In addition to avoiding sugar and refined carbohydrates, what suggestions do you have about diet?

Dr. Pizzorno: I'm a fundamentalist. What I mean by that is to eat foods as natural as possible and in a form as closely as possible to how they originally occur in nature. So I'm not a great believer in super low-fat diets, for example, because most of the foods that are promulgated as low-fat foods simply have had the fat removed and replaced with sugar, and they're far worse for people's health than the fat that was in the foods originally. Also, when we look at conditions like atherosclerosis, the damage to the arteries occurs not as a result of the fat. It happens from the oxidized cholesterol that is typically associated with the fat. So I think it is important to ensure that when a person consumes foods that have cholesterol in them, that the cholesterol not be in an oxidized form. And, of course, you get oxidized cholesterol when you expose high cholesterol foods to high temperatures in the presence of oxygen. Frying eggs, frying meat, things of that nature.

How do you view vegetarian diets?

Dr. Pizzorno: I think inherently a vegetarian type diet is substantially healthier than a meat-based diet. However, I also think the work that Peter D'Adamo (author of Eat Right 4 Your Type) has done, trying to look at people's blood types and advising on the kind of diet they should follow, has merit. I've looked at the data of several of the studies that he's quoted and I think there's something of merit there. I just think it needs more attention, more research to figure out what it means. I think we're still learning about this whole area.

I would imagine that you would recommend some sort of antioxidant program as well.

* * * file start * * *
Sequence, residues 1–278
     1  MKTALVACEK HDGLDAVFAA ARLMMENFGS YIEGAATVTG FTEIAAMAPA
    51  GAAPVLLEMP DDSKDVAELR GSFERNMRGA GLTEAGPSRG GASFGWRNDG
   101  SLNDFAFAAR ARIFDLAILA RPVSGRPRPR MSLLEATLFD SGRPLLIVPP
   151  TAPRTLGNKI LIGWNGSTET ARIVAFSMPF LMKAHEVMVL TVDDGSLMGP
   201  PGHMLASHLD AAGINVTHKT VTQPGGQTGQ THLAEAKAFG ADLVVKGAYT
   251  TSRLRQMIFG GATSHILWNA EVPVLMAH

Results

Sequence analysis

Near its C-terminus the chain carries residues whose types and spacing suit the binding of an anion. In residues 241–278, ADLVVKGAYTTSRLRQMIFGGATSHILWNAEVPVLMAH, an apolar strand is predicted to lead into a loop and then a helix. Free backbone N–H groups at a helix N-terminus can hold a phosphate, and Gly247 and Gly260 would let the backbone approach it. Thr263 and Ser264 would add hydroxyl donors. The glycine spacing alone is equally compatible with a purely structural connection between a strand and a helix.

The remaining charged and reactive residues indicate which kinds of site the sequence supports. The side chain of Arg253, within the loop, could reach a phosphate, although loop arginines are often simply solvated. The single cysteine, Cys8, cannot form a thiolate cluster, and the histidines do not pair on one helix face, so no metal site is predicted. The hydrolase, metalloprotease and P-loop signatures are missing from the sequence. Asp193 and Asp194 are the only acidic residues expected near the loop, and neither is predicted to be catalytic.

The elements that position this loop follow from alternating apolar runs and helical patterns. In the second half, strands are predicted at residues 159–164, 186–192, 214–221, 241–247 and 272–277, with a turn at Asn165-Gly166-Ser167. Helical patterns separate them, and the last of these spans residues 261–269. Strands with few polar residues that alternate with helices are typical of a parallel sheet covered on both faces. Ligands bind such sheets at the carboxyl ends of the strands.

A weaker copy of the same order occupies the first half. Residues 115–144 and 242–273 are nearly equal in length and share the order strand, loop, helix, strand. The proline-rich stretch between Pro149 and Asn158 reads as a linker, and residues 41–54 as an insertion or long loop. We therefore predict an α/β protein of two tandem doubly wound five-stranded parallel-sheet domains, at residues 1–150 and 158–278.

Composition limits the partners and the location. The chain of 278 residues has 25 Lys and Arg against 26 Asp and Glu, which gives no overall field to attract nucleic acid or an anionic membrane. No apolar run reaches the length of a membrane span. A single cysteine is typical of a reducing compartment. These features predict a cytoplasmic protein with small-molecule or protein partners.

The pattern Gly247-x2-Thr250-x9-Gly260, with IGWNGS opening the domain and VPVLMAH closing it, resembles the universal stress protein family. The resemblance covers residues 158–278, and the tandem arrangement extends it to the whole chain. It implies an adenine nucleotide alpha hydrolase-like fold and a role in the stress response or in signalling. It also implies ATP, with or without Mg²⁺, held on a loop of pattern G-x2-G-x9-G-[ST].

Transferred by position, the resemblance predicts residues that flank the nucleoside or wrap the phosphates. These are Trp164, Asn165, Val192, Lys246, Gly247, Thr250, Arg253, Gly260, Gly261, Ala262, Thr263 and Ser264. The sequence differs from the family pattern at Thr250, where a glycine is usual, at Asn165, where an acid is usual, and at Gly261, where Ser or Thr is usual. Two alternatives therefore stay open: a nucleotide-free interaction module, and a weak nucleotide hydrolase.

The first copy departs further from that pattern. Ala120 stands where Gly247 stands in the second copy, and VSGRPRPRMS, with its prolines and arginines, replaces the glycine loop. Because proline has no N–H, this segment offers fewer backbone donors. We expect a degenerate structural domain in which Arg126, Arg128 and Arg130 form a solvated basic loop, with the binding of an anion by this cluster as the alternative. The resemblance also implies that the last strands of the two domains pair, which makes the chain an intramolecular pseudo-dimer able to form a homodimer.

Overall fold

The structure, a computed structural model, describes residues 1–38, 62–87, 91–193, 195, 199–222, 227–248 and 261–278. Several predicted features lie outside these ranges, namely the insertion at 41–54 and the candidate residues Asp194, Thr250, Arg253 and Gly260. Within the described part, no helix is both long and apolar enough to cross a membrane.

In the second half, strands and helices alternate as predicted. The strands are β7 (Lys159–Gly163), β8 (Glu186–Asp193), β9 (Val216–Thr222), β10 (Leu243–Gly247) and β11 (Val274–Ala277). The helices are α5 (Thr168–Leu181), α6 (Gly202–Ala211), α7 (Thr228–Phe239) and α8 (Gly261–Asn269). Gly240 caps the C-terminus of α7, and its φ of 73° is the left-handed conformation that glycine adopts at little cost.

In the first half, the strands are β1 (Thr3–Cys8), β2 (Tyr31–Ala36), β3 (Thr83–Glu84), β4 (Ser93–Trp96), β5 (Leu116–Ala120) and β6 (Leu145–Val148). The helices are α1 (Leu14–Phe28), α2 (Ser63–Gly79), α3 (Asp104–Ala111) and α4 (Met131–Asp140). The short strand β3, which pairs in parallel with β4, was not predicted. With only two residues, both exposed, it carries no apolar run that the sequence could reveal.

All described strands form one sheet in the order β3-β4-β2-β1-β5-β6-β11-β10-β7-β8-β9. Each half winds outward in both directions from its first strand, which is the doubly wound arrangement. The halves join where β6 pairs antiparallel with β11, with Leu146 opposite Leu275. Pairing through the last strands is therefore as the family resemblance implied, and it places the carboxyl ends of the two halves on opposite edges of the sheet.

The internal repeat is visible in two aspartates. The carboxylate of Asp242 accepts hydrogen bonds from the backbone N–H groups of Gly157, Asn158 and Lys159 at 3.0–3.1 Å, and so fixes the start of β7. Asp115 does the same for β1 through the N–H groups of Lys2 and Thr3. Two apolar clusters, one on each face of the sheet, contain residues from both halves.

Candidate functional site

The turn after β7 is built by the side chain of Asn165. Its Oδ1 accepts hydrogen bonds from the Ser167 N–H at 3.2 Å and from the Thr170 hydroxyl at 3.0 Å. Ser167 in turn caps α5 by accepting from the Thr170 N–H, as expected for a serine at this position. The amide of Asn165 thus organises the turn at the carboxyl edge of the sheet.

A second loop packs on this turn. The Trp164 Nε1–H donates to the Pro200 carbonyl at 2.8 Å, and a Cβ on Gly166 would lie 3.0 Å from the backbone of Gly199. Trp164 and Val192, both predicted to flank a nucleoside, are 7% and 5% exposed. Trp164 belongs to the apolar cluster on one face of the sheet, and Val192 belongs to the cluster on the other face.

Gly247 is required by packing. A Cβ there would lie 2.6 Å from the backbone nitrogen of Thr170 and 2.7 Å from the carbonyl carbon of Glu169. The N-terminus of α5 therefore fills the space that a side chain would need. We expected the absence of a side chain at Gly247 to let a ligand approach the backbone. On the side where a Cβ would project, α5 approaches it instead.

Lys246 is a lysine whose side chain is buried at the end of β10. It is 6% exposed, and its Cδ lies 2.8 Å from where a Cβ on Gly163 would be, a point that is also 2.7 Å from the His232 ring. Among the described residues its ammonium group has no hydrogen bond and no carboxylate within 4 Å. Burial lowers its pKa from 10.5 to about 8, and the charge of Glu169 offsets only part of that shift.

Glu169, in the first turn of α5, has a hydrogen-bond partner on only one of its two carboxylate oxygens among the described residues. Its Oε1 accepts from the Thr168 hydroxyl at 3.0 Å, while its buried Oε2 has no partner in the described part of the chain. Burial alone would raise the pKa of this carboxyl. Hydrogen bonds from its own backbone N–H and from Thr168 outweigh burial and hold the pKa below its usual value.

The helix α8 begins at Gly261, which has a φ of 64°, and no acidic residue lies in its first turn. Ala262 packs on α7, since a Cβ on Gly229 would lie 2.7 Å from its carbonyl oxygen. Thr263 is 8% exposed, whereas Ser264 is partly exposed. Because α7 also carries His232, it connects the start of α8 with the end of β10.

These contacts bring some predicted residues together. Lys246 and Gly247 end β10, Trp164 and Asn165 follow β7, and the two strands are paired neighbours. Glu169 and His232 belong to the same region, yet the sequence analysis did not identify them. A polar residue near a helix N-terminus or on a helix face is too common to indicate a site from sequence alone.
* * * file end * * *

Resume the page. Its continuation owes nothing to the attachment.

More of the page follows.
Dr. Pizzorno: Yes, definitely. I'm a great believer in the appropriate role of dietary supplements. Not as a replacement for a healthy diet, but as a complement to it. One reason that antioxidants are so important is because they protect cholesterol from the oxidative activities I just mentioned. With regard to the immune function, I recommend vitamin A, the carotenes, vitamins C and E, and zinc and selenium, all of which I cover in my book.

In your book the next system you write about is the detoxification system.

Dr. Pizzorno: This is another very important system. As I point out in Total Wellness, we're being poisoned. We release about two billion pounds of chemical toxins into our environment every year, many of which are cumulative in nature. That's just one example of how we are poisoning ourselves. Normally, the liver neutralizes these toxins. However, once again many of our lifestyle behaviors inhibit the ability of the liver to do its job. A good example would be a diet which is low in B vitamins. B vitamins are critical for proper functioning of the liver for detoxification. Low B vitamins, low liver detoxification, it's that simple.